Railsea by China Mieville
China Miéville has won many adult fans for his intelligent & outrageously weird novels like Perdido Street Station, The City & the City, & Embassytown which is currently up for both the Hugo and Nebula Awards. He also wrote an urban fantasy for middle readers called Un Lun Dun. His new book, Railsea is not so much a retelling as an affectionate parody of that bane of many a high school student's existence, Moby Dick. It is quite literary but playful, with vast molehills of imaginative worldbuilding & lots & lots of ampersands.
Railsea takes place in a distant and unrecognizable future. Humanity clings to survival beneath a poisonous upper atmosphere on rocky outcrops separated by the railsea, an ocean without waves & whales. Endless railroad tracks of mysterious origin loop & crisscross over the soil constantly achurn with enormous burrowing predators. Mr. Miéville has helpfully included his own illustrations of some of these cthonian terrors. How do you feel about naked mole-rats? Now imagine a colony of them, each one the size of a German Shepard & with the table manners of pirhana.
All sorts of trains ply the railsea; driven by steam, diesel, sail, clockwork, or good old-fashioned galley slaves. Some of these salvage buried technology from civilizations long past or incomprehensible artefacts left by alien litterbugs. Other trains hunt the giant moles and other beasts for meat and hides. Captain Abacat Naphi is famous throughout the railsea for her pursuit of the ivory-furred Great Southern Moldywarpe that left her with a cyborg arm and furious purpose. She will sacrifice anything and anyone to find and destroy Mocker-Jack, the Mole of Many Meanings.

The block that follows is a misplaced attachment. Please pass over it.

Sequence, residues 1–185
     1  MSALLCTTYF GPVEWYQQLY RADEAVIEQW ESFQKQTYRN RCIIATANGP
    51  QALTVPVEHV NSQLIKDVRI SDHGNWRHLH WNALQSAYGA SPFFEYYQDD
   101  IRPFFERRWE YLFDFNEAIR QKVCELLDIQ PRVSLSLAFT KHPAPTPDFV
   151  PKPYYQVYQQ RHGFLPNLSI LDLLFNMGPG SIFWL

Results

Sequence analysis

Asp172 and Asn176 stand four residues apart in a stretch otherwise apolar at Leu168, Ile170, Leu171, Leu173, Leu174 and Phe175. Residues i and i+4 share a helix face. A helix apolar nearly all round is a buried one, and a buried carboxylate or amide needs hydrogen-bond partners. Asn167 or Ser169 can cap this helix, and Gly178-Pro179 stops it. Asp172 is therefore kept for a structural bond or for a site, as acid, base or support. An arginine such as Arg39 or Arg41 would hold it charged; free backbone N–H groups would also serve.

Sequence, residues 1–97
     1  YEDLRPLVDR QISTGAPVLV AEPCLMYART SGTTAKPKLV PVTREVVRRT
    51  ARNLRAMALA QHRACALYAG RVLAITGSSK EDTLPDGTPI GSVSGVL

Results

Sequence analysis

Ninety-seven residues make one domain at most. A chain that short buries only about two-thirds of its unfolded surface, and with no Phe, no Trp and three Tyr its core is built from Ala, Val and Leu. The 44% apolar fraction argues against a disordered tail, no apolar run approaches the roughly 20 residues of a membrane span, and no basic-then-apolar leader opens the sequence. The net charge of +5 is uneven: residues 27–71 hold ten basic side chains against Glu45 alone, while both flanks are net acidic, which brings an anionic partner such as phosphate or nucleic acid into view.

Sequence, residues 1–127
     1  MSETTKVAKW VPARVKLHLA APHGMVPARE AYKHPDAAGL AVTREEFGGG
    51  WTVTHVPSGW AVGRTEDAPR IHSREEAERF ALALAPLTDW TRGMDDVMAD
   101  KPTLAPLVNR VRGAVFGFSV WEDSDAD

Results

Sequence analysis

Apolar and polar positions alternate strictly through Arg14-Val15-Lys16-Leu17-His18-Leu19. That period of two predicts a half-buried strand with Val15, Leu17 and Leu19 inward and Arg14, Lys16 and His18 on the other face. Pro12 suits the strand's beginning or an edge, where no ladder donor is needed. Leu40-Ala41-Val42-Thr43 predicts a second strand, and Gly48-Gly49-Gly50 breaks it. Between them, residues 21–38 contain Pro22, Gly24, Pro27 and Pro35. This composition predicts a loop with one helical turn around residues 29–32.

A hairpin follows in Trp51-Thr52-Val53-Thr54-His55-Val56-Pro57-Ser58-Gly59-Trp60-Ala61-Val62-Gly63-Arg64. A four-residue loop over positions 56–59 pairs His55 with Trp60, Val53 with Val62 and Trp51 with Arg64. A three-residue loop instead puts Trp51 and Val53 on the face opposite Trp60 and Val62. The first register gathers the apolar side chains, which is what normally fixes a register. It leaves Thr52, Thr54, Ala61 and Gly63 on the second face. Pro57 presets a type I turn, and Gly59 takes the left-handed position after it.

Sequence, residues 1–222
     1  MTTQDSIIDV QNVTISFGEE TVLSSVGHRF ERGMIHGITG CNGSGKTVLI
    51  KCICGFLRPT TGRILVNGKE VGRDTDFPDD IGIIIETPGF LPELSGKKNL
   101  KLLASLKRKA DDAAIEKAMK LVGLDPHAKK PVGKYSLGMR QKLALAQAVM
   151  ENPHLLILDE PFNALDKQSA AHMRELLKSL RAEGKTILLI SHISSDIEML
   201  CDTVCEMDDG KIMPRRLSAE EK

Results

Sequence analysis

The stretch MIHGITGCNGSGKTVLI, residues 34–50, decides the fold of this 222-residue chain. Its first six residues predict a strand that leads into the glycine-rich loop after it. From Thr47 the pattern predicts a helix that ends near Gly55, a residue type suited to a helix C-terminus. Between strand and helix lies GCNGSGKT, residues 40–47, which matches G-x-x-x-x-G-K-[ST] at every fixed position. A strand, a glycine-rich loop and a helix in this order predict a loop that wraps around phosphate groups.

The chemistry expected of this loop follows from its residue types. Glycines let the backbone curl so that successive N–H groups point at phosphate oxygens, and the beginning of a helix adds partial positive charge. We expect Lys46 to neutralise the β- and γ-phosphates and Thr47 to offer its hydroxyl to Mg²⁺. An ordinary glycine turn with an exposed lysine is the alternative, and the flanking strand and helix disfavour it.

Aboard Captain Naphi's moler, the Medes, is Sham Yes ap Shroop, assistant to the wise & gruff train's doctor, Dr. Fremlo (my favorite character). Sham is not satisfied with the excitement and adventure of moling life & moons over how wonderful a career in salvaging must be. After experiencing his first moldywarpe hunt the crew comes upon a wrecked train. On it Sham finds a camera memory card that sets him on a quest as single-minded as his captain's. Sham is physically & socially awkward, simultaneously eager & terrified of the great wide world opening up before him. His new friends, the Shroake siblings bicker constantly in a manner reminiscent of any family roadtrip, yet this brother and sister salvor team are ferociously loyal to each other. The three of them and Captain Naphi are set off to the ends of the railsea seeking to make sense of their impossible world. Nope, nothing allegorical for teens there.
There are tons of brilliant ideas and deep thoughts to be mined here but I never felt beaten over the head and shoulders with A Message. It felt like spending the day with an utterly mad, brilliant, & dear friend playing with his train set. The language & structure are more challenging & weirder than most YA books. Perhaps teens who cut their teeth on Thomas the Tank Engine, then Lemony Snicket & Scott Westerfeld's <em>Leviathan<em> & are ready for something more bizarre & complex have been waiting for a wild ride just like this.
--Reviewed by Chris from our Airport Store (Compass) in Terminal 2 of SFO. You can find him across the hall from the Kiehls! An EVEN longer version of this review was posted on Chris's blog here.